Well – here we are, another year starts and we are all full of hope that it will be a good one! Whatever, it will be different for some this year as the Olympics will be held here – well, not here exactly – nothing will happen within a long javelin’s throw distance of here, but I’m sure the ripples will spread this far – for better or worse depending on your point of view. The programme I listen to while clearing up after breakfast – Prògram Choinnich on Rèidio nan Gaidheal – has been about nothing but Olympics this week. I hope that won’t carry on too, too long!
I dare say that we will only be as affected by this year’s jollities as much as we were by the Beijing games or any other! Of course, one thing they do celebrate up here is Hogmanay… The New Year Bank Holiday is the only one taken seriously here, and the village was as dead as a door nail until today when life is lurching back to normal… The other Bank Holidays in the year are pretty much ignored, except by the bank and the post office which don’t have any choice in the matter.
Traditionally, Christmas was an entirely religious affair – and although I would say that in most households the 25th is as much about present giving and feasting as anywhere else, the three churches in the village would have done good trade (as they do every week – sometimes twice a week), and there are folk who still will keep a very quiet, religious Christmas, albeit mostly people of the older generation.
I haven’t heard whether the New Year’s cèilidh went well or not. I heard through the grapevine that this year the committee were not getting a licence, and it was to be a “bring your own booze and instruments” affair. I wouldn’t be surprised to learn that it was probably therefore a very enjoyable event – maybe without quite the level of hangovers which past New Year’s cèilidhs have reportedly generated!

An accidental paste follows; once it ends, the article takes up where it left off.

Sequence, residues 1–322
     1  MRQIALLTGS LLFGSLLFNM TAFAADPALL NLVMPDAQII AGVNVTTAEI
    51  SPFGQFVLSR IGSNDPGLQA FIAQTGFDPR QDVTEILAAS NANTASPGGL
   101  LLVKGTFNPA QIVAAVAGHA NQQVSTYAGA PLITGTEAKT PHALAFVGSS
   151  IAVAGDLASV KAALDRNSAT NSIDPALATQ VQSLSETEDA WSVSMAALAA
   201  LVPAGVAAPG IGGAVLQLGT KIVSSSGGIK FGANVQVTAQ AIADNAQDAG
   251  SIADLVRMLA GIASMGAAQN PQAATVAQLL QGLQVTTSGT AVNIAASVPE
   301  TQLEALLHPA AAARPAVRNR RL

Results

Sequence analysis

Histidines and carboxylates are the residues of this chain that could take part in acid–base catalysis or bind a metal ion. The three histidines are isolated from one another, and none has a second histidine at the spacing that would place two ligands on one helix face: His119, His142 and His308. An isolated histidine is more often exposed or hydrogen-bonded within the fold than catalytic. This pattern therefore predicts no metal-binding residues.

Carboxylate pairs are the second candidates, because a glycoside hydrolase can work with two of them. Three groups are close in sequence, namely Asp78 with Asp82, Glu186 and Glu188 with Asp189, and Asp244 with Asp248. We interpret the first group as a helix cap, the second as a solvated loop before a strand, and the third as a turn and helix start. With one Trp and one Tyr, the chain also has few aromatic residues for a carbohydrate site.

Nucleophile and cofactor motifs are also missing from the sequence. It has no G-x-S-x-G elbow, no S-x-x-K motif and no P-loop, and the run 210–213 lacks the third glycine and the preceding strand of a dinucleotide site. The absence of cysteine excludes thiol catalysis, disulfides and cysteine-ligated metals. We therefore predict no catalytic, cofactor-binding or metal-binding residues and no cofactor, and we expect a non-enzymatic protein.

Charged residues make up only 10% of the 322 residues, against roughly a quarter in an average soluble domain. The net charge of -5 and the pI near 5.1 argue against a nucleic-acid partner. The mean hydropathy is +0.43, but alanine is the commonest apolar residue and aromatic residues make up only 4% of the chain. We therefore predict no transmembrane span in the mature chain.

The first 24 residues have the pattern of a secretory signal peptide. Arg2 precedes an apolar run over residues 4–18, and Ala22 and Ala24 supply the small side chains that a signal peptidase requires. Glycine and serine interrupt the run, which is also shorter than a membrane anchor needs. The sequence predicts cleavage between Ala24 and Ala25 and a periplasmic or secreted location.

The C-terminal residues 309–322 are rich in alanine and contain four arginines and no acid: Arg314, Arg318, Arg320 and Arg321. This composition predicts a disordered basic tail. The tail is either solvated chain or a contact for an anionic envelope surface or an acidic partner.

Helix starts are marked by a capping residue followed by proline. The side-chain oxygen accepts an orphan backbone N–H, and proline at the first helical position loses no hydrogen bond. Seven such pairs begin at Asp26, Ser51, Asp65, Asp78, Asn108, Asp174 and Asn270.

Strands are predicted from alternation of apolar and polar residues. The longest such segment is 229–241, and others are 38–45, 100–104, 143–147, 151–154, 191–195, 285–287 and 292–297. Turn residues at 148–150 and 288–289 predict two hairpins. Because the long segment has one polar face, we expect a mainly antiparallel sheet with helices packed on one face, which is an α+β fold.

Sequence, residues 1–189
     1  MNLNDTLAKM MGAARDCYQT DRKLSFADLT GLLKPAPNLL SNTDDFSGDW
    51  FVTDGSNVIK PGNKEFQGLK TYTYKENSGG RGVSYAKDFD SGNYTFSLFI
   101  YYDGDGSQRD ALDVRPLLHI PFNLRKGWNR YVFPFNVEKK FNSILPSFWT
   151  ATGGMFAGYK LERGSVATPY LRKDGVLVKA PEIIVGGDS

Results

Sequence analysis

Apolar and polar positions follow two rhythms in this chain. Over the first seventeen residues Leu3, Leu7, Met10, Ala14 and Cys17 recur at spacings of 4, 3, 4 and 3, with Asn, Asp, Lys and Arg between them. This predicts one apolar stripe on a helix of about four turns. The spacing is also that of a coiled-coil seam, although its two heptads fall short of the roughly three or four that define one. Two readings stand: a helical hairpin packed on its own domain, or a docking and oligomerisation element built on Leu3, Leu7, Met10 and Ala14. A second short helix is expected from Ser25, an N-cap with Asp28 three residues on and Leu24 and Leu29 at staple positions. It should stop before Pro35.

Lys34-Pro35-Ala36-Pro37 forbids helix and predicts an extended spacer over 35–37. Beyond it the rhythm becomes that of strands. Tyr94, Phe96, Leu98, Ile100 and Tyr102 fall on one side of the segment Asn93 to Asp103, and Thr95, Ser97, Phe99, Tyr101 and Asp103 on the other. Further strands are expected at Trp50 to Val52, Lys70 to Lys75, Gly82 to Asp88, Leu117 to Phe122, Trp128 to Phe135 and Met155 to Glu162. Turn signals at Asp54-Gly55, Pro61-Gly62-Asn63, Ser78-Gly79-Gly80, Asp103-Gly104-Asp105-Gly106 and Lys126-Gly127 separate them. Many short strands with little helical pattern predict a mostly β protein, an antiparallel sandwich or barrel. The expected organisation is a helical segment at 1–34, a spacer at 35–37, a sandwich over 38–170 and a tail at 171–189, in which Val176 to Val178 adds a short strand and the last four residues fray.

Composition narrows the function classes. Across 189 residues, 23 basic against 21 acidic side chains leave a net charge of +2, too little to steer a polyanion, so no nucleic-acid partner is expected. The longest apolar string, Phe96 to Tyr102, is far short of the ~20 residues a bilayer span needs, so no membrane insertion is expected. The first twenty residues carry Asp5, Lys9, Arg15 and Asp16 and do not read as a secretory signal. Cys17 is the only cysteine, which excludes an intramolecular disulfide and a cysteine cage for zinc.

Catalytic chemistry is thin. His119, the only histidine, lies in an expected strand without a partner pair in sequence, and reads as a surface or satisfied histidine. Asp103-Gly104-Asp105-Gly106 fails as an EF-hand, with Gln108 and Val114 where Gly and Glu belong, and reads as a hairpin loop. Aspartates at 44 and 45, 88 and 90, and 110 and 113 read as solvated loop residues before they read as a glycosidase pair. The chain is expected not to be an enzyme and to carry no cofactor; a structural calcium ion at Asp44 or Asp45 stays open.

Robert and I went down around the village taking photos for this post last Saturday and the village was positively buzzing. The Lochinver Larder (aka the Riverside Bistro) was open and people were inside drinking tea and eating their luscious cakes. The Larder – world famous now for its pies which can be bought by mail order – closes at the end of October, but opens for the Christmas season; as does the wee Gemcutters gift shop. There is a sad history surrounding the Gemcutters shop and the village came close to losing it which would have been a very sorry state of affairs, particularly as some people actually come to Lochinver in the hopes of being able to visit it. But now it is up and running again and is as good as it ever was, selling gifts made of gemstones from the northwest coast of Scotland along with other bits and pieces. There is a small equipment shop attached to it which nowadays seems to sell mostly sea related merchandise such as surf boards and wet suits, which some people find essential for going into the sea here as it is a bit on the parky side – I have to say that I am not of this persuasion preferring a tankini!